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Eurovision Competition Rife with Antisemitism from Protestors and Performers

Thousands of people protested in Malmo on Saturday against Israel‘s participation in Eurovision Song Contest, with the Israeli military campaign in Gaza casting a shadow over the final of the glitzy contest.

Eurovision organizers, who always bill the annual event as non-political, have resisted calls to exclude Israel, but requested that the lyrics of its entry be changed to remove what organizers called references to the deadly Hamas attack on Oct. 7 that triggered the war.

A large crowd of protesters gathered on the central square of the Swedish host city before marching towards the contest venue, waving Palestinian flags and shouting “Eurovision united by genocide” – a twist on the contest’s official slogan “United by music”.

“It’s important to show, like, we are going to stand on the right side for everyone. This could be any other country and we would still be standing here because this is about children, men and women who have been occupied for so many years,” said one protester on Saturday, Maryam, who gave only her first name.

Police estimated that between 6,000 and 8,000 people joined the demonstration.

The final, the culmination of the festival of catchy songs, gaudy costumes and tongue-in-cheek kitsch, kicks off at 1900 GMT.

In Malmo, French singer Slimane halted his rehearsal act on Saturday to say it had been a childhood dream of his to sing for peace.

“We need to be united by music,” Slimane said, referring to the official Eurovision slogan, followed by cheering from the crowd in the auditorium.

More than 10,000 anti-Israel campaigners, including climate activist Greta Thunberg, staged a non-violent protest ahead of the semi-final on Thursday.

A smaller group of pro-Israel supporters, including members of Malmo’s Jewish community, also staged a peaceful demonstration on Thursday, defending Israeli solo artist Eden Golan, 20, and her right to take part in the contest.

Pro-Palestinian protesters have complained of double standards as the European Broadcasting Union (EBU) that organizes the contest banned Russia from Eurovision in 2022 following its invasion of Ukraine.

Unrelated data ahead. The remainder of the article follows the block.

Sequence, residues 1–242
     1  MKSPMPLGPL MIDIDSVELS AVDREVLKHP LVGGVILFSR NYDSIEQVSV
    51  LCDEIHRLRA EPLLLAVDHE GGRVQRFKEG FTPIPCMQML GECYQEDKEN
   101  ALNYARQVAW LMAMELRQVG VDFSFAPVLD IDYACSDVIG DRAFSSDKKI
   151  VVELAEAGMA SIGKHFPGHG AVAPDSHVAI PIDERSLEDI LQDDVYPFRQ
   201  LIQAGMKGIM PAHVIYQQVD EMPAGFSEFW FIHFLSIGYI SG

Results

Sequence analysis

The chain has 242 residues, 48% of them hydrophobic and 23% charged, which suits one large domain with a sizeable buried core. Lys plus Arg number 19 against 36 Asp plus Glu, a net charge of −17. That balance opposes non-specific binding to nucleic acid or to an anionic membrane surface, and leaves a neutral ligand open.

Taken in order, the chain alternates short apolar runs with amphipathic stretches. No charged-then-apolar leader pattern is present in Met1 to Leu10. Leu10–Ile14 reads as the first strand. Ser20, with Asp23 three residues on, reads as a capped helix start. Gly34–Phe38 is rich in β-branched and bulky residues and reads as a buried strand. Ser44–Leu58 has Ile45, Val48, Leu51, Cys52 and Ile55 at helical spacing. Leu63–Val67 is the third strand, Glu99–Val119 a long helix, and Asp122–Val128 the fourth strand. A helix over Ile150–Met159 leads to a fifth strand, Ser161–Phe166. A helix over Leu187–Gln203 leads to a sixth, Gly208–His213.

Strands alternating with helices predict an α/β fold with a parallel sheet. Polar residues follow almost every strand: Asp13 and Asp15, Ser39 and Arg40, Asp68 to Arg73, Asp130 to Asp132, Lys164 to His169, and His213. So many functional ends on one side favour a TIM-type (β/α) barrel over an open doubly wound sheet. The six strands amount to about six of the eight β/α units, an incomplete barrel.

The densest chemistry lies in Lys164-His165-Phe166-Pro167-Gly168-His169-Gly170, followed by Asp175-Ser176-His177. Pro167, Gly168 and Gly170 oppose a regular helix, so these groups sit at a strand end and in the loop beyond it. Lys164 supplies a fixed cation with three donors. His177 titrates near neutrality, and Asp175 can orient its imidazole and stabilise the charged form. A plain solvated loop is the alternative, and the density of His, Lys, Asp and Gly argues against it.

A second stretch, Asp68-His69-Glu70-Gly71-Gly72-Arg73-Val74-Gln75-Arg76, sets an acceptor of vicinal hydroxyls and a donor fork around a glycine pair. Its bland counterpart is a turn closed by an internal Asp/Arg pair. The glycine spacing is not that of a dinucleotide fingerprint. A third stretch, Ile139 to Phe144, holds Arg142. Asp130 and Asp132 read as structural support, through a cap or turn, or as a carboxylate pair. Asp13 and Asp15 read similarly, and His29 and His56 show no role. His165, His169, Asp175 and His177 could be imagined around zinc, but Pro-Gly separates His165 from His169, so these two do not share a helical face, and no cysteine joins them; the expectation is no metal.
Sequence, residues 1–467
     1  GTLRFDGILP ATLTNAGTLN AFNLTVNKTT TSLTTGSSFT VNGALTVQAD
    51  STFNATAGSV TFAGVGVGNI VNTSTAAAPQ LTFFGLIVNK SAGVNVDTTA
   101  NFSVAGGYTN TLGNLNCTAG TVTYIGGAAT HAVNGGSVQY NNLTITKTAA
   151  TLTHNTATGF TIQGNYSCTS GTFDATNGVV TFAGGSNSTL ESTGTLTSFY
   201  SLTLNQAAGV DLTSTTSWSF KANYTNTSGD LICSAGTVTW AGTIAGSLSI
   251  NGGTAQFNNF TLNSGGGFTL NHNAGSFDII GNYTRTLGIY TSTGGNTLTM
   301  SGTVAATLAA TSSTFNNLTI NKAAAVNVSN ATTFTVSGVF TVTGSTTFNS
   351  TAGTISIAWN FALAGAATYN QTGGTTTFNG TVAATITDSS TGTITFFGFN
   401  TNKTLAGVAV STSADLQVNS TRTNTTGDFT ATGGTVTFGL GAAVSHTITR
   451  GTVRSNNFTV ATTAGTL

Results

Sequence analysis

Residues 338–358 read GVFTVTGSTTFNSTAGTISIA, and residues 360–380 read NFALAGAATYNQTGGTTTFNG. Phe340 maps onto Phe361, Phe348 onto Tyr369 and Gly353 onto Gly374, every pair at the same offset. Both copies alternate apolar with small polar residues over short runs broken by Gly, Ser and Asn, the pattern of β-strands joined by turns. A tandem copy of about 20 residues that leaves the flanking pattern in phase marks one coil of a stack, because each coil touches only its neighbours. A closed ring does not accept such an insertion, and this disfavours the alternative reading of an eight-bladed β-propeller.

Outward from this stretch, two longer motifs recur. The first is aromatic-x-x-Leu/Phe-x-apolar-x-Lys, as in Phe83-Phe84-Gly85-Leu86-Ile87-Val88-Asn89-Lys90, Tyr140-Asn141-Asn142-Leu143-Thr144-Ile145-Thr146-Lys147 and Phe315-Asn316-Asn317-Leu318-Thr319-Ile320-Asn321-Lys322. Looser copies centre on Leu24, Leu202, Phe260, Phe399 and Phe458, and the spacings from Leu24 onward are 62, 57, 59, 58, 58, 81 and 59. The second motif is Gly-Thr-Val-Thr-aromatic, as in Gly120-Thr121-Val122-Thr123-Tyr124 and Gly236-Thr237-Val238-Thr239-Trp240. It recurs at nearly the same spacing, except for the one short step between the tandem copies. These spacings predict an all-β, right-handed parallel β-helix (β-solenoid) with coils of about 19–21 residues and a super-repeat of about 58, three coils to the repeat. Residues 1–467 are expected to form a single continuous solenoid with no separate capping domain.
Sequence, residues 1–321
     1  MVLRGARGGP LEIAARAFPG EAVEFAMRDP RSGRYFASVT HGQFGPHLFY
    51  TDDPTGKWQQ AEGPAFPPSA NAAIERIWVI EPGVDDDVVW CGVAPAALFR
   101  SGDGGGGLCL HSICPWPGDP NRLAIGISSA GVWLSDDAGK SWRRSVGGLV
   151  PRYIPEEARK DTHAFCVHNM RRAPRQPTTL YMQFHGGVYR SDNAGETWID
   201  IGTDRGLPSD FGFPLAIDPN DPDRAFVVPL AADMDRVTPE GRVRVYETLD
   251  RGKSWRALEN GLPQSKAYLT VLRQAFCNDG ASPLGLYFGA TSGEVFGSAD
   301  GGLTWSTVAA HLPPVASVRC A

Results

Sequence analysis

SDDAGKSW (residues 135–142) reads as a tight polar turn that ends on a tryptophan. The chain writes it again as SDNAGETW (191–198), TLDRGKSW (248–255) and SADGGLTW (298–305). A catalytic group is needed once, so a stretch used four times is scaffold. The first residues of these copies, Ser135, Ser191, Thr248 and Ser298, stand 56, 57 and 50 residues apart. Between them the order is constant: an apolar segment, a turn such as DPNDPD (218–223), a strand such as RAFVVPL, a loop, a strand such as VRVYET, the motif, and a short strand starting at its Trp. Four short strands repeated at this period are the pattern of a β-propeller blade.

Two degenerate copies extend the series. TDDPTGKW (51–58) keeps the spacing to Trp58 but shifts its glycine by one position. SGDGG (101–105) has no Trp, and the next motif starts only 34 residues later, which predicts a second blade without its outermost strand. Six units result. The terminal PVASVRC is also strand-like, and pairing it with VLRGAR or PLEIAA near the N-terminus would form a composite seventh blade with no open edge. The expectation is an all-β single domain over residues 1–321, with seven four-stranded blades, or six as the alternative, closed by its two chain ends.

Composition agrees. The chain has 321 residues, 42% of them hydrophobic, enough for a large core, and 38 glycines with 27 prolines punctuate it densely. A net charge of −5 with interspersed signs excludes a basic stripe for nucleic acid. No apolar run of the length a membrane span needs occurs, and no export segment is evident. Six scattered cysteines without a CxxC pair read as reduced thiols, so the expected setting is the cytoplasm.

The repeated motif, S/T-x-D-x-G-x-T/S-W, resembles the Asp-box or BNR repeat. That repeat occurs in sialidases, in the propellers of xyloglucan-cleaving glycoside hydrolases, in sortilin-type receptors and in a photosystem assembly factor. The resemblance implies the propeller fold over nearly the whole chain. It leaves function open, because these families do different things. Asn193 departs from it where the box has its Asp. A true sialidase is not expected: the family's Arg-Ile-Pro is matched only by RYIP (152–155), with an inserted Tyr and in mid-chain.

Some 1,200 people were killed and more than 250 people taken hostage in the Oct. 7 Hamas attack. Prime Minister Benjamin Netanyahu has said his country will not stop the war until Hamas is eliminated.


In another Eurovision controversy this year, Dutch contestant Joost Klein was expelled on Saturday from the competition final after a complaint by a member of the production crew, the EBU said.

“While the legal process takes its course, it would not be appropriate for him (Joost) to continue in the Contest,” the EBU said in a statement.

A representative for Klein did not immediately respond to a request for comment.

According to Dutch broadcaster AVROTROS, Klein was filmed despite clearly made agreements, just after getting off stage after his performance at Thursday’s semi final.

“This wasn’t respected,” AVROTROS said in a post on social media platform X, adding “This led to a threatening movement from Joost towards the camera.”

Klein did not touch the camerawoman, according to AVROTROS, who said it found the artist’s penalty “very heavy and disproportionate.”

A Dutch fan, Frank Zwarthoed, said, “We are very, very, very disappointed… And it’s not good for the for the joy, we have in all the Dutch fans here that are present.”

Dutch viewers will still be allowed to vote for other contestants and the Dutch jury result will still be included in the final, the EBU has said.

Bookmakers have Croatia’s Baby Lasagna, real name Marko Purišić, 28, with “Rim Tim Tagi Dim,” as front-runner to win the contest, followed by Israel‘s Golan, with her song “Hurricane.”

Some booing was heard from the crowd before, during and after Golan’s performance in the semi-finals on Thursday, but there was also applause and Israeli flags being waved, according to a Reuters journalist in the auditorium.